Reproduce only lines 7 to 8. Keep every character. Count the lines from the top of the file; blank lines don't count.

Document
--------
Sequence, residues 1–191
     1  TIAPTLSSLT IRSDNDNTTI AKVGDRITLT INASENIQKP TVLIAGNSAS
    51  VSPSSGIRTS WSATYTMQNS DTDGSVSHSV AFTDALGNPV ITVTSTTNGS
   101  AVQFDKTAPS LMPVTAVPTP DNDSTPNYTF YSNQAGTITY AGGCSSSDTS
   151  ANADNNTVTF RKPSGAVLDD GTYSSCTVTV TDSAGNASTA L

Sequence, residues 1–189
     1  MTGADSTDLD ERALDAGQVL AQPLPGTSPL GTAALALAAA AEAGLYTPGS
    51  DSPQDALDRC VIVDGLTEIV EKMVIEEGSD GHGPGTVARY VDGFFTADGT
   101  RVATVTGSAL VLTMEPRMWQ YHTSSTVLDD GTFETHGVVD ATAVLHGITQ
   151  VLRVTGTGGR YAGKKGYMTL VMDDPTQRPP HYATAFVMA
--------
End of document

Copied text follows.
     1  MTGADSTDLD ERALDAGQVL AQPLPGTSPL GTAALALAAA AEAGLYTPGS
    51  DSPQDALDRC VIVDGLTEIV EKMVIEEGSD GHGPGTVARY VDGFFTADGT